Sag Harbor

I'm surprised I'd never heard of Colson Whitehead before I started his most recent novel, Sag Harbor, just a few days ago. A Brooklyn-based writer, Whitehead has a whole host of accolades to his name and was even a Pulitzer Prize finalist. I'm not really sure where I heard about Sag Harbor or what compelled me to request it at the library. No matter what means it took, I'm glad it found it's way into my hands.

Whitehead recreates for us 1980's Sag Harbor, a summer retreat for upper-middle-class New York African American families, a tight-knit social circle whose interactions fall primarily between Memorial Day and Labor Day. Fifteen-year-old Benji offers us his eyes into this world. Back at home, Benji and his brother Reggie play the role of the token black students in their schools, which makes their sudden immersion into black culture each year at Sag Harbor more of an adjustment than it is for most. Benji is a self-described dork though he takes pains to hide his more embarrassing character flaws from his Sag Harbor friends, such as his penchant for horror films. Benji considers himself the boy who is always one step behind everyone else, following the trends once they've already been set, figuring out the appropriate social actions long after everyone else seems to have magically intuited them.

The summer of 1985 is one of typical beach antics and newfound freedoms. Benji's parents are strictly weekenders, leaving him and Reggie to reign the house Monday through Friday. As some of the boys in his crew start to drive and receive generous and faithful gifts from their parents in the form of automobiles, a whole new type of adventure opens up to these vacationing teenagers. And Benji enters the world of work in the form of serving frozen ice cream treats to ungrateful beach-goers.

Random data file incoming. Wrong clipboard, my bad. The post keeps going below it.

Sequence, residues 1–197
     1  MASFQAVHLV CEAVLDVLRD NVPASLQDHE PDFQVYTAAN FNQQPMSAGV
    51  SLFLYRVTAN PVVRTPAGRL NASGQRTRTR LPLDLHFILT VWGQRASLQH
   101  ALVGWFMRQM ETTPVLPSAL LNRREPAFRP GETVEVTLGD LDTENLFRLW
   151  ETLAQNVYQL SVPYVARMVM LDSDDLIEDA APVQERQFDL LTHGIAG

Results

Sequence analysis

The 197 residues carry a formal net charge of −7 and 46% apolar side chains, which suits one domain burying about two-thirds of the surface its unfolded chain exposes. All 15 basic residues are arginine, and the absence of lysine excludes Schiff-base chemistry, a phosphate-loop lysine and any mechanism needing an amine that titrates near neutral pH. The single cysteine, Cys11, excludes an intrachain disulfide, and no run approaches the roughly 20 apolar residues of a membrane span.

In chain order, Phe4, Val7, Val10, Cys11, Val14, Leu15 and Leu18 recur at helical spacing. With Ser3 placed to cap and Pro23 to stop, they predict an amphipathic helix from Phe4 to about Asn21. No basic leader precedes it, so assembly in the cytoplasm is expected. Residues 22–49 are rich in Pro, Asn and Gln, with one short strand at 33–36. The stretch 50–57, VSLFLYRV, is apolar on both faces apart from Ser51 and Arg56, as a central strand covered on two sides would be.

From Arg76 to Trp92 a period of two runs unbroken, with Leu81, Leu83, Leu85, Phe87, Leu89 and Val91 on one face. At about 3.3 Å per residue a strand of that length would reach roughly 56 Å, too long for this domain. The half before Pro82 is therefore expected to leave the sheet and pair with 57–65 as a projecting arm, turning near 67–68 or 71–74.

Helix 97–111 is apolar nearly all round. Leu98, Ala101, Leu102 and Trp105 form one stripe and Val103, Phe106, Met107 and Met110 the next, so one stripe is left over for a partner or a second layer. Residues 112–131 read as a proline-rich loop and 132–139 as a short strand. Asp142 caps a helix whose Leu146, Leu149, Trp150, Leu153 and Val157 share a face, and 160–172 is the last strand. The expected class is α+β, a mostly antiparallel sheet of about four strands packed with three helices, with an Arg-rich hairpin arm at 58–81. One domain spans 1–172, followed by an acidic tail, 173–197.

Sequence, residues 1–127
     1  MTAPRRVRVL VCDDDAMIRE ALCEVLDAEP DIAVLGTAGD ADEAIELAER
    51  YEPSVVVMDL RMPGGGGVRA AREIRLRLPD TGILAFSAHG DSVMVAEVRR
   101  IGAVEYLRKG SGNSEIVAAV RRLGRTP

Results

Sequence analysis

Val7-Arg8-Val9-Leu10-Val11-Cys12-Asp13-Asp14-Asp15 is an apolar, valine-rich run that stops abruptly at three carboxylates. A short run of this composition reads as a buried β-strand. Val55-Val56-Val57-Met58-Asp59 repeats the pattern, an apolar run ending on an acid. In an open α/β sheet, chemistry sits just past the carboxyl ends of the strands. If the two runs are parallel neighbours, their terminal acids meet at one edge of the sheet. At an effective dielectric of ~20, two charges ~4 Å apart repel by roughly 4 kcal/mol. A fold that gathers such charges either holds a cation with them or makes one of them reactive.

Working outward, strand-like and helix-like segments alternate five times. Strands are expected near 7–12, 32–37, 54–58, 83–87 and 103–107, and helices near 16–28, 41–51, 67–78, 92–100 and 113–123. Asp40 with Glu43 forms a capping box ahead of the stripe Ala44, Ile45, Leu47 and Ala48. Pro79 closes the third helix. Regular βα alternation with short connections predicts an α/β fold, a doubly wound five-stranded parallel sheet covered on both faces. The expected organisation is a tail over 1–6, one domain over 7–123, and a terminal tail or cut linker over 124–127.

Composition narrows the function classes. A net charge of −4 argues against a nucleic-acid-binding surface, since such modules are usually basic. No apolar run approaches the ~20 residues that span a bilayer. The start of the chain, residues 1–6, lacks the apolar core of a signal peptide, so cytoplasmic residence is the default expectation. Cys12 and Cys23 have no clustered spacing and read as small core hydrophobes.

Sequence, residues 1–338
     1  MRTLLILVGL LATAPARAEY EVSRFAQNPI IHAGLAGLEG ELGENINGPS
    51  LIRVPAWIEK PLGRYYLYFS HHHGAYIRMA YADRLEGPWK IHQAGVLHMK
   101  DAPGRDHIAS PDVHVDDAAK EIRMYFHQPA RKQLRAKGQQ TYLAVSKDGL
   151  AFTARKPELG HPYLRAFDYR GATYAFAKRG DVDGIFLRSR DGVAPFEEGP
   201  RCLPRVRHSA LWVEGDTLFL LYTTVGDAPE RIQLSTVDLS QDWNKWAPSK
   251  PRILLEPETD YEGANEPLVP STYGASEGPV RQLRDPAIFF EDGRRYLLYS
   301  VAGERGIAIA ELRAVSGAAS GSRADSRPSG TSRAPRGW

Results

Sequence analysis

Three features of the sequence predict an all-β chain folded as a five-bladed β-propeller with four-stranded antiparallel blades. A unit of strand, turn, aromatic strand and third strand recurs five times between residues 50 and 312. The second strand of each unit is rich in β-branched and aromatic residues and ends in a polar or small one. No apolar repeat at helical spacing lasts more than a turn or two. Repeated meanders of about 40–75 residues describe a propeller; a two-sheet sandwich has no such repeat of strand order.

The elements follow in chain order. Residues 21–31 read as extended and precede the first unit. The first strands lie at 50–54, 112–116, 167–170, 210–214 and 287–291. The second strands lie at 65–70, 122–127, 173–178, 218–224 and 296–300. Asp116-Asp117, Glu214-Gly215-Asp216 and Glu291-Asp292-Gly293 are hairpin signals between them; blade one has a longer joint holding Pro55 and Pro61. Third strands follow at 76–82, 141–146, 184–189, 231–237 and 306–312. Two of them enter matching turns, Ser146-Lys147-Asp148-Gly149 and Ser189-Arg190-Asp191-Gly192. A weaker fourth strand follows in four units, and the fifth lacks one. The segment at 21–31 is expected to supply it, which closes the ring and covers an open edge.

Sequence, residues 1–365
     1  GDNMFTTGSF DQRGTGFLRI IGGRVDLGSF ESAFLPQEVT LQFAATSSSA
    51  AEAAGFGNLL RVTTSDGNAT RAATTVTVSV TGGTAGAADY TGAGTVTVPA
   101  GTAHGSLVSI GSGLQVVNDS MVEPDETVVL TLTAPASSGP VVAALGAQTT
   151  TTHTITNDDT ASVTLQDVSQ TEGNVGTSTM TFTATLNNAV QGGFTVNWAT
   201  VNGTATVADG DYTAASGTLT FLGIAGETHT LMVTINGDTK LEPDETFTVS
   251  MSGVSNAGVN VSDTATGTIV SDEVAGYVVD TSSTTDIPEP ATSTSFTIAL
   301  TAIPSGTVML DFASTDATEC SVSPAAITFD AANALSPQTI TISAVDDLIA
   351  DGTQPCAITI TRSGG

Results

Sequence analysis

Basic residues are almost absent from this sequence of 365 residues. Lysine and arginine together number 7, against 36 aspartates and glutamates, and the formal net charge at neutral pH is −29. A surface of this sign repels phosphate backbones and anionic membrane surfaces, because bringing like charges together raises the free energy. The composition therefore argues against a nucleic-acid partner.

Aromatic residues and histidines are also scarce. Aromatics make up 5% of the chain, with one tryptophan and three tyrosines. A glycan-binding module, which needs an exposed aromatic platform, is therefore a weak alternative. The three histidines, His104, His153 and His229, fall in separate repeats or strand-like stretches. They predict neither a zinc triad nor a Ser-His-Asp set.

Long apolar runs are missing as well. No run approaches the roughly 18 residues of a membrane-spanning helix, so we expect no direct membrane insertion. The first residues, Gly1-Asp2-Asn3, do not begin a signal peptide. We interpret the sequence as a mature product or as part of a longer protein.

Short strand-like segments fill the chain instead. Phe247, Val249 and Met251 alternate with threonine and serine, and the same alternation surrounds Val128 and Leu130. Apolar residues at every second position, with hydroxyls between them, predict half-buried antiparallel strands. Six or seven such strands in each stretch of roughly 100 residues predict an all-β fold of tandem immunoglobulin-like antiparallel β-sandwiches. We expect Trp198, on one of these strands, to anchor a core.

Sag Harbor stands as an eloquent testament to growing up, to savoring those dwindling summers before adulthood sets in, to the moments when you think you have it all figured out and have entered a new realm of cool, only to make a complete and utter fool of yourself. Whitehead's novel is a humorous and vivid account of one confused black American teenager's coming-of-age story, complete with elaborate depictions of the disdained Hamptonites, the tacky boat tourists from Connecticut, the mysterious girls that offer Benji just a glimmer of hope of fulling graduating from childhood, and the African American professionals who call Sag Harbor their summer home.

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